Strain the rest of the liquid from plant material.
Store the infused liquid in an amber glass bottle out of the light in a cool place or in the refrigerator.

To Make an Aromatherapy
Gather leaves, needles and twigs from pine trees, larch, spruce, juniper, rosemary and sage
Put plant material in a baked enamel pot or bowl (often found in camping supply stores) and cover with water.
Put bowl in a slow cooker or crockpot and heat on low uncovered for as long as your want the aromatherapy.
Replace water as necessary for as long as the plant material continues to release an odor..
Other Sources and Related Substances

Tea tree oil -- Can be ordered online.
Turpentine -- Usually next to the iodine in a drug store or pharmacy if they carry it.
Pine Needle Oil -- can be bought in capsule form
Pine Tar -- Sold as an antiseptic for horses' hooves, works against fungus and bacteria
Pine Needle Tea -- Ingredients: 1 cup pine needles (dry or fresh), 4 tablespoons honey. Directions: Bring 1 cup of water to a boil in a baked enamel saucepan. Turn off heat and add pine needles. Cover and let steep 5-10 minutes. Strain out needles and residue if desired and add honey to taste and drink.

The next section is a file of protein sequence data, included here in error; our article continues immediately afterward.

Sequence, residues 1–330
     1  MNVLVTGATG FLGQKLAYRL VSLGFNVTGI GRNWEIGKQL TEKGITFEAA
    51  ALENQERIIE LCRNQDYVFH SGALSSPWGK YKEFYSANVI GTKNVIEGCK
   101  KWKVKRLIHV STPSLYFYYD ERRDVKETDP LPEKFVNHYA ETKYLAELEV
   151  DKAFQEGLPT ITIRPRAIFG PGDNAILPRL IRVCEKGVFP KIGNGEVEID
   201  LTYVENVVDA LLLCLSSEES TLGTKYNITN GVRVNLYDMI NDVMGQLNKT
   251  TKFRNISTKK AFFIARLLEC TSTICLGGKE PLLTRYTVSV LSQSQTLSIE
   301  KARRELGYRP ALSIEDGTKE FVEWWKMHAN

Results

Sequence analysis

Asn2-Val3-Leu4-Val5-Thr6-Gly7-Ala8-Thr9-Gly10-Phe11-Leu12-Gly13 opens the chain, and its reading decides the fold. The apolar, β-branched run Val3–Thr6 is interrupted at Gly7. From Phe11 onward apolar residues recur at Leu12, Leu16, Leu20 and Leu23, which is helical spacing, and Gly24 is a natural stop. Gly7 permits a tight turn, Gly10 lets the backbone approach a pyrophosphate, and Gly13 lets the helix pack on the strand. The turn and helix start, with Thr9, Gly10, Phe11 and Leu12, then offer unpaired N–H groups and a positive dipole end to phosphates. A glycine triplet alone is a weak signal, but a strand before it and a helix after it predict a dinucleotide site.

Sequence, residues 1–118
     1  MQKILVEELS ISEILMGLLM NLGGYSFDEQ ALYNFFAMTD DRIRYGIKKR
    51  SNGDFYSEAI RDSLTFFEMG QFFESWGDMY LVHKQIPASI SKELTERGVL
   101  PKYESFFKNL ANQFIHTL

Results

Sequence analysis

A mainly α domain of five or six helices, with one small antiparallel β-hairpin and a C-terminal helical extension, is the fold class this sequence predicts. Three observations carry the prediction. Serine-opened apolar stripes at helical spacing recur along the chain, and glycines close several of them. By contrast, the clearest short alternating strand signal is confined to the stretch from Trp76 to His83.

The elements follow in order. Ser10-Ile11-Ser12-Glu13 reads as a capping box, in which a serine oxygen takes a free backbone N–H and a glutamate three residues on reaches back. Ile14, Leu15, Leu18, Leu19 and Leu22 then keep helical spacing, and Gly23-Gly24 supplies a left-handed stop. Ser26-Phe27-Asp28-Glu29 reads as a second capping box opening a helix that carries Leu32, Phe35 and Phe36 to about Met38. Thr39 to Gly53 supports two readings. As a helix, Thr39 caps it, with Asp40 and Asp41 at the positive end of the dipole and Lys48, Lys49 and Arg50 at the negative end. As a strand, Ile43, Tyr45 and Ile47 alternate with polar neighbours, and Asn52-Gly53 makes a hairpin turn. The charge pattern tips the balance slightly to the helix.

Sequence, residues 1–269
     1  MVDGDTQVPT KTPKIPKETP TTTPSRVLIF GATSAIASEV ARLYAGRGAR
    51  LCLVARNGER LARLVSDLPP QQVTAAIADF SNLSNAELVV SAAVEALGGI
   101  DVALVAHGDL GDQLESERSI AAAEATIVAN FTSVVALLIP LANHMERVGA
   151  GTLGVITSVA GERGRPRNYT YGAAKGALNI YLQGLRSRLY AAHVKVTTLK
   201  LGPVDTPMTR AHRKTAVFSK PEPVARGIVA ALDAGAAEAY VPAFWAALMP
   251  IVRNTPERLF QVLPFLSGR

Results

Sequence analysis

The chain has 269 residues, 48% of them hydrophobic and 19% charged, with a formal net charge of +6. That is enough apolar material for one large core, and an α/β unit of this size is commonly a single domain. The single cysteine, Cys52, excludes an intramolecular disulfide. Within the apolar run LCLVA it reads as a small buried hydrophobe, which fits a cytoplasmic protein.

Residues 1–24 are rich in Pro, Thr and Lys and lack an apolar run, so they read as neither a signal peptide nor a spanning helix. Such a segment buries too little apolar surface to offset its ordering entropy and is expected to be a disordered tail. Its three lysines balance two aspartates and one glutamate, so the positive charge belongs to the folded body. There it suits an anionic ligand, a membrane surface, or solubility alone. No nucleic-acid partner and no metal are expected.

Larch Pine Sap -- From May to October, bore a small hole in a larch pine tree with an awl and insert a plastic or glass straw into it of the same size. (I'm sure you could use an actual dried grass straw if you had one suitable.) The sap that flows from it should be clear and can be used as is or strained through a coarse cloth. Remove straw and plug up hole when you have collected enough sap. Keep sap in a glass jar, covered, in a cool place.